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Hillary Clinton Makes History As Democratic Nominee; Clinton Draws Sharp Contrast To Trump's America; Pope Make Emotional Visit To Auschwitz- Birkenau; Aleppo Aid Worker 35 Percent Of Casualties Are Children; Turkish Deputy PM: Country "Going Through Test"; Republicans And Democrats Compete For Spectacle; Trump: I Want To "Hit" Some DNC Speakers; Russian Weightlifters Banned From Rio Games; One Week To Go, Is Rio Ready?; World's Refugee Athletes Arriving In Rio; Democrats Rack Up Ratings Wins. Aired 3- 4p ET

Aired July 29, 2016 - 15:00   ET




HANNAH VAUGHAN JONES, CNN INTERNATIONAL ANCHOR: Hello there. I'm Hannah Vaughan Jones standing in for Hala Gorani, live from CNN London, and this


The glitz, glamour, and occasional chaos of the conventions is now over and now the real fight begins. Either Hillary Clinton or Donald Trump will be

the next president of the United States and they're wasting no time getting out on the road.

Donald Trump is in the state of Colorado. This was Hillary Clinton a short time ago in Pennsylvania. She said voters face a stark choice come



HILLARY CLINTON (D), PRESIDENTIAL CANDIDATE: I have to tell you, it was also kind of overwhelming. I take deeply and with great humility the

responsibility that this campaign imposes on us. There is no doubt in my mind that every election in our democracy is important in its own way.

But I can't think of an election that is more important certainly in my lifetime and it's not so much that I'm on the ticket. It is because of the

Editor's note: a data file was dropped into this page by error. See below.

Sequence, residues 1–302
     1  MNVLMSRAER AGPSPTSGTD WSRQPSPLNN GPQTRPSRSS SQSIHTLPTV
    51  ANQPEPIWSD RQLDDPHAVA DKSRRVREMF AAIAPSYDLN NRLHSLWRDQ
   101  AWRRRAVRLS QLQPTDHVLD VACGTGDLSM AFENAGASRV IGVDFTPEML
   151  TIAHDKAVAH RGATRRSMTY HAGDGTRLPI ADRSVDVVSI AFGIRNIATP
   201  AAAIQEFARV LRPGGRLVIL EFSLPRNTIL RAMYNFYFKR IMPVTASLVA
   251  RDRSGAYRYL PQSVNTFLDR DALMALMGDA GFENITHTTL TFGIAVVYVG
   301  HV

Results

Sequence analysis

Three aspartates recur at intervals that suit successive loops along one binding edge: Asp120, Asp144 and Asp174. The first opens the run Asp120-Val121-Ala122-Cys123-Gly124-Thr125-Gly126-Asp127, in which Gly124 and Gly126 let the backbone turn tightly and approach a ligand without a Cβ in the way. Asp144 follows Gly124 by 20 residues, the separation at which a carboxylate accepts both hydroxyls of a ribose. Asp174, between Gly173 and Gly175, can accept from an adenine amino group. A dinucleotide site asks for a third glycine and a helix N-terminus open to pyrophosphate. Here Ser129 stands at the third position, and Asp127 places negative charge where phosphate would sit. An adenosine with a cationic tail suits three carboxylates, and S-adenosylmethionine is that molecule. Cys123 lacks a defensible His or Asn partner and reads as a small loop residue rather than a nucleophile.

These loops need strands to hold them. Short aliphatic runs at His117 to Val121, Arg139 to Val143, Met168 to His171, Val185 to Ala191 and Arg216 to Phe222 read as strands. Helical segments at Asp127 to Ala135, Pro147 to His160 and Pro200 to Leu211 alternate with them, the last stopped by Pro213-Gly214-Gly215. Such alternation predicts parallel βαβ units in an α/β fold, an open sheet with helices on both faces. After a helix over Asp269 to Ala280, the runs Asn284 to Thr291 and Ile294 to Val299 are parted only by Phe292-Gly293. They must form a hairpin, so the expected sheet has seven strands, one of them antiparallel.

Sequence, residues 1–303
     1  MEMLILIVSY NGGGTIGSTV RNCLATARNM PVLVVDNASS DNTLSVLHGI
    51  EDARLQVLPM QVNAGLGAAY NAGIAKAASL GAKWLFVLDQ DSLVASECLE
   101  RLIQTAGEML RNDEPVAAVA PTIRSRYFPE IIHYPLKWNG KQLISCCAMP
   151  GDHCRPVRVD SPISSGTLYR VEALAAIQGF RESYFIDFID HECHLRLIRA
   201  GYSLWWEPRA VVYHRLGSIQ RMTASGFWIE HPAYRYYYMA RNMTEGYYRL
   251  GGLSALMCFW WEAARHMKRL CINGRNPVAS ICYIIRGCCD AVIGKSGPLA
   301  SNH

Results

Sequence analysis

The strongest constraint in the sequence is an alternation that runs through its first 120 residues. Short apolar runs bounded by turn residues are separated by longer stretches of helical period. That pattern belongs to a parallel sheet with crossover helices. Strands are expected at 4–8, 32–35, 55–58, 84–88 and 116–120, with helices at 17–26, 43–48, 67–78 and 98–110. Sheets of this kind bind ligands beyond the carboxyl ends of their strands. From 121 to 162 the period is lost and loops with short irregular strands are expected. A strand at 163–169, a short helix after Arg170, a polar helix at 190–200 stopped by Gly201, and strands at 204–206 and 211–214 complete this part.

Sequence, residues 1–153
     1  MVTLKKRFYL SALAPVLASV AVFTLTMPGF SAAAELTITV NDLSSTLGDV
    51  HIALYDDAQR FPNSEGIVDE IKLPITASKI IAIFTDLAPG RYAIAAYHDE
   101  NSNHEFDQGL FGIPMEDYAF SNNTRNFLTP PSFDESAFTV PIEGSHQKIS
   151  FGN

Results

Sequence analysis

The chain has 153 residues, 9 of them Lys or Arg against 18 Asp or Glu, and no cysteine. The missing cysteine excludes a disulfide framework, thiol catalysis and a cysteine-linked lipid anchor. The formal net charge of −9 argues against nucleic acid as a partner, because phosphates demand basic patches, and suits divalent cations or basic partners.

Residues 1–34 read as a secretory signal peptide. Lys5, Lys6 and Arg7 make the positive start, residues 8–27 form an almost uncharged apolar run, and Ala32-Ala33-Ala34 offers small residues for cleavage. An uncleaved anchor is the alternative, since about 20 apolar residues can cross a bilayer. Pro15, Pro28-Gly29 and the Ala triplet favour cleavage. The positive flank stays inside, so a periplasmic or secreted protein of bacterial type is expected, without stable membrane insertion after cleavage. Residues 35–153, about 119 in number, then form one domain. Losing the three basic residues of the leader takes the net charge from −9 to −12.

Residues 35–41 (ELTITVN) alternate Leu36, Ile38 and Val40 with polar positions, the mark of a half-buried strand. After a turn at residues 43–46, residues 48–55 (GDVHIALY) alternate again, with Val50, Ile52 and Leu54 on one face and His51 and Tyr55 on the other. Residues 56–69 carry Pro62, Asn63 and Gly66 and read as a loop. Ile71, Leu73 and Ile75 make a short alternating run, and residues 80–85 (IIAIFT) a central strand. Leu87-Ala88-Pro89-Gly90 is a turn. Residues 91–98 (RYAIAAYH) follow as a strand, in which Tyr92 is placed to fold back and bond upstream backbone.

stark choice that is posed to America in this election.


JONES: That speech just an hour or so ago, comes after a hitting-making and glass-shattering night in Philadelphia, when Hillary Clinton accepted

the Democratic Party nomination for president. As Joe Johns explains, she took a direct aim at her Republican opponent in her speech.


CLINTON: It is with humility, determination, and boundless confidence in America's promise that I accept your nomination for president of the United


JOE JOHNS, CNN SENIOR WASHINGTON CORRESPONDENT (voice-over): Hillary Clinton drawing a sharp contrast with Donald Trump's vision for America.

CLINTON: Don't believe anyone who says I alone can fix it. Those were actually Donald Trump's words in Cleveland and they should set off alarm

bells for all of us. Really? I alone can fix it? He's forgetting every last one of us. Americans don't say I alone can fix it. We say, we'll fix

it together.

JOHNS: Repeatedly slamming Trump.

CLINTON: We heard Donald Trump's answer last week at his convention. He wants to divide us from the rest of the world and from each other. He's

betting that the perils of today's world will blind us to its unlimited promise. He's taken the Republican Party a long way from morning in

America to midnight in America.

JOHNS: Questioning his judgment.

CLINTON: Imagine, if you dare, imagine, imagine him in the oval office facing a real crisis. A man you can bait with a tweet is not a man we can

trust with nuclear weapons.

JOHNS: Knocking Trump's understanding of the issues.

CLINTON: Now, Donald Trump, Donald Trump says, and this is a quote, "I know more about ISIS than the generals do." No, Donald, you don't. You